This brings us to the point that it is of distinct importance to carefully define and outline, based on a theoretical framework, what one does and does not interpret as “pathology/symptomatology” versus “non-pathological personal differences in executive functioning”. Barkley earlier described how diverse visions and operational accents concerning executive functioning differed throughout the years13. The pitfall could be to put certain behavior and/or assessment instruments too quickly under, or out of, an umbrella paradigm like executive actions, and/or interpret behavior as pathological instead of keeping eye for its distinct characteristics and potential non-pathological aspects.
Despite the earlier mentioned positive key findings of this study, a few limitations should be noted. Most, but not all items (94%) showed moderate-to-high correlations between the original English language BDEFS version and the Dutch translation, when assessed in 25 bilingual Dutch adults. Furthermore, the means of the total scores differed significantly between the versions. Because of this difference, the Bland Altman plot did not show a perfect picture concerning the amount of clinical agreement between the questionnaires. That is, 92% of participant scores, instead of the 95% that is typically sought, fall within the area that points to good clinical agreement. Nevertheless, the direction of these findings did not show a significant proportional bias in the regression analysis. It is quite likely that cultural linguistic differences provide an explanation for these differences: although one may fluently speak a language like English, one’s native language may lead to a higher identification with and recognition of symptoms as described in questionnaire items. One item (73), “Unable to work as well as others without supervision or frequent instruction” showed no variation in scores (all answers “never or seldom”). And so as a consequence, Spearman’s rho could not be calculated. However, this item is not considered as “useless/unremarkable”. That is, it is logically imaginable that the 25 bilingual adults, all having higher degree education histories, usually work as well as others without supervision or frequent instruction. Furthermore, no factor analysis could be performed, because of a small sample size (60) and because not all items showed high correlations29. Further research on large samples examining the factor structure of the Dutch BDEFS is required to compare it with the available factor analysis of the original BDEFS19.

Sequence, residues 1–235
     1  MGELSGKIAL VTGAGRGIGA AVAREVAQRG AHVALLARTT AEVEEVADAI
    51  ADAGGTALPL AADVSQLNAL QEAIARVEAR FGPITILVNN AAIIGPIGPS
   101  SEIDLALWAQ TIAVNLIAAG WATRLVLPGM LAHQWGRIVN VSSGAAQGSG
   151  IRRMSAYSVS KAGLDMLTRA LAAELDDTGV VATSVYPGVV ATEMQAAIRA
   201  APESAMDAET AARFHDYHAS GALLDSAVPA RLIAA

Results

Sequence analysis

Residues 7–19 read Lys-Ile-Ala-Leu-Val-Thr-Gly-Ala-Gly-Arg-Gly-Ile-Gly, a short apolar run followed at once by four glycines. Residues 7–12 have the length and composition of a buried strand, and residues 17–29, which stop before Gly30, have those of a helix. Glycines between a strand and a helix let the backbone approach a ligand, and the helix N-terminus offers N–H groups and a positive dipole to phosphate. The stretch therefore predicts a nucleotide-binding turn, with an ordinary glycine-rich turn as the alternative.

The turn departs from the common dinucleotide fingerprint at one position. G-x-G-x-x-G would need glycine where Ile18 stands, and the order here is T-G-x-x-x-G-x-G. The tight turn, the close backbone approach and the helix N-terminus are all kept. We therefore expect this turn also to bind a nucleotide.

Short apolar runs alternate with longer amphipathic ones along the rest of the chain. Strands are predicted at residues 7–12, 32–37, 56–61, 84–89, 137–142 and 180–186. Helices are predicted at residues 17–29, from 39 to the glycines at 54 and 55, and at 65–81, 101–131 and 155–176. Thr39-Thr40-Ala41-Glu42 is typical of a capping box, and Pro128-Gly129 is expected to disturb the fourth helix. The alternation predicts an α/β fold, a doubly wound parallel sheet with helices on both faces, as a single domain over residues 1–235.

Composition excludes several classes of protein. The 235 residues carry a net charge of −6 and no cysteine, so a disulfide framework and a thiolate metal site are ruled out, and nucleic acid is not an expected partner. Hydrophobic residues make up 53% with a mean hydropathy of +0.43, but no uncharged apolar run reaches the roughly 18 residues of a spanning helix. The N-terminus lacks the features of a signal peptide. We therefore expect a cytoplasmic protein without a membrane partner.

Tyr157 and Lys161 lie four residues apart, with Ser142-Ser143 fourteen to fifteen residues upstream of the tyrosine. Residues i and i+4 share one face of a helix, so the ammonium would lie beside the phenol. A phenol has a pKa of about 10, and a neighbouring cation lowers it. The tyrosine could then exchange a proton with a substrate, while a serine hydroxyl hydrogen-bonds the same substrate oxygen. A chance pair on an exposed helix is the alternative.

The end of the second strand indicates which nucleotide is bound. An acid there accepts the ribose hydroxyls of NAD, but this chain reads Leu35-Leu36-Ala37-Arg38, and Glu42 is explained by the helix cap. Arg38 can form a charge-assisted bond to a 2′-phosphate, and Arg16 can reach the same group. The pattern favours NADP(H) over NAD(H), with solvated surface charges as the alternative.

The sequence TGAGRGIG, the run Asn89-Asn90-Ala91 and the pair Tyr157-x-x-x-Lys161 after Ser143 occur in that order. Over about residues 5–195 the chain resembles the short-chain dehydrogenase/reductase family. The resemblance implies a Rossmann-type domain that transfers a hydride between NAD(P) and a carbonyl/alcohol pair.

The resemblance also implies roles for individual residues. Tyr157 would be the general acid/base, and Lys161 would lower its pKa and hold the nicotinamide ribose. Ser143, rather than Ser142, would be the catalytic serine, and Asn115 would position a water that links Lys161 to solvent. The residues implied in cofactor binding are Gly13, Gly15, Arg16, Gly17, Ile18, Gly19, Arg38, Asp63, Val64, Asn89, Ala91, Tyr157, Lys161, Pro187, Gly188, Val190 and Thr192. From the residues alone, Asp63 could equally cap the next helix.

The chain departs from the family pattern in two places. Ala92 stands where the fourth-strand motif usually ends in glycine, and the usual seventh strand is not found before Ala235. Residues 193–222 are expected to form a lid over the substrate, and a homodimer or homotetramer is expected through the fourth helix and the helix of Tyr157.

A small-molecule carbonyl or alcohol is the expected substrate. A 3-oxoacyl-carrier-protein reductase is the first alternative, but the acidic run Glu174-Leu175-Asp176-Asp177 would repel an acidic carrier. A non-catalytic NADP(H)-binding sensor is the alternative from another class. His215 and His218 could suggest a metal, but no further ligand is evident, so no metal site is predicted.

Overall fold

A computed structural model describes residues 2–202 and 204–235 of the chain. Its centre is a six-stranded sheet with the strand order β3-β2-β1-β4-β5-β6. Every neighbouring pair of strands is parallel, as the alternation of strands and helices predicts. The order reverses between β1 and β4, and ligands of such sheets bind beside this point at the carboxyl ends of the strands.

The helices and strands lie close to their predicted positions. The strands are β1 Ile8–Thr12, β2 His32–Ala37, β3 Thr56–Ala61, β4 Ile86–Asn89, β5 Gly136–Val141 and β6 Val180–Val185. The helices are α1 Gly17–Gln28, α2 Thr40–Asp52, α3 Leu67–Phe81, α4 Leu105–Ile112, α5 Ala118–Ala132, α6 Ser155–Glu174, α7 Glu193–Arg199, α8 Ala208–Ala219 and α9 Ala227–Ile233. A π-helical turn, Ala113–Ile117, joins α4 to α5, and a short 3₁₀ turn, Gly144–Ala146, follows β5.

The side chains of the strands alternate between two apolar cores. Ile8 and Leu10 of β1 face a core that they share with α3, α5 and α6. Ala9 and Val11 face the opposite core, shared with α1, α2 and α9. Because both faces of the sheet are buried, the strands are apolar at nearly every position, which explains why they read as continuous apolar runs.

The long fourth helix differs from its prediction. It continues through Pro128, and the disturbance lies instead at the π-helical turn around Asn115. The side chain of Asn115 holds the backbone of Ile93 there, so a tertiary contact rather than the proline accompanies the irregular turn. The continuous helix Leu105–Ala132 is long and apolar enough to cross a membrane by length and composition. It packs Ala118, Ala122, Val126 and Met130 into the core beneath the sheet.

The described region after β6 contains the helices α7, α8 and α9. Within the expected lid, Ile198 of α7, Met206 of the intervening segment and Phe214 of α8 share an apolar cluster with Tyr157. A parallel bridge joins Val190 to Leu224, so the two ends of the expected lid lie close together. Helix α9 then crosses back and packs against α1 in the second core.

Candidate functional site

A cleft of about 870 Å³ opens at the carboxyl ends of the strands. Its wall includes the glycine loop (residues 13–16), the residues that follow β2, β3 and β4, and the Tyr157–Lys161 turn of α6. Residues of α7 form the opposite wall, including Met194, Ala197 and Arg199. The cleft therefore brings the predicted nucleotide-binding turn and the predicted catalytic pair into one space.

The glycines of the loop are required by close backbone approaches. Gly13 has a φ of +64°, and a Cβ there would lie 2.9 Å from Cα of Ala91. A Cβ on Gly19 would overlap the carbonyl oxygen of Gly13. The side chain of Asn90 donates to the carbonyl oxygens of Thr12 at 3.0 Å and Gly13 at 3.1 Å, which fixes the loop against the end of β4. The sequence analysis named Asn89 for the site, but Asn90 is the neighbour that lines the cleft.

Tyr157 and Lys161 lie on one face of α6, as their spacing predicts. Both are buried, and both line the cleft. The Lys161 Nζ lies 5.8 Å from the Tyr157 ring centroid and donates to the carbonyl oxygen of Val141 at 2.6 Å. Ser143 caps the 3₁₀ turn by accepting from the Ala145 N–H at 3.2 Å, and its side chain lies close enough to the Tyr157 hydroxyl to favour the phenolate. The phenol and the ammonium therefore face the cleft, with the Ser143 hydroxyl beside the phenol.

Lastly, future research should test the applicability of the Dutch BDEFS in clinical populations by conducting clinical practice studies in mental health care institutions, administering it to patients suffering from several psychiatric disorders. Findings from such studies will then hopefully facilitate and promote the use of the BDEFS in Dutch clinical practice. In several countries, the BDEFS is already used in diagnostic and intervention studies, mostly in patient groups with ADHD, but also in studies assessing neurocognitive ability tasks in combination with the BDEFS or for other research questions involving executive function/self-regulation30-33. Hopefully, this Dutch BDEFS translation and adaptation may become the prelude for this kind of studies and BDEFS applications in Dutch speaking countries. When combined with neuropsychological ability measures and (self-report) instruments assessing one’s personal styles (aspects like impulsivity) and quality of life aspects, the use of the BDEFS can also contribute to integrated and tailor made diagnostic profiles and treatment indications. That is, we believe the ideal key lays in the integration of both perspectives. Thereby, the availability of the BDEFS in Dutch clinical practice may improve the clinician’s toolbox.
Conflicts of interest statement
The authors declare that the research was conducted in the absence of any commercial or financial relationships that could be construed as a potential conflict of interest.
Prof. Barkley receives royalties from Guilford Publications for the English version of the BDEFS Scale.
The authors would like to express their thanks to Mrs. Wendy Prime, MSc, and Mrs. Nathalie Fiandaca, MSc, for their roles in the translational process.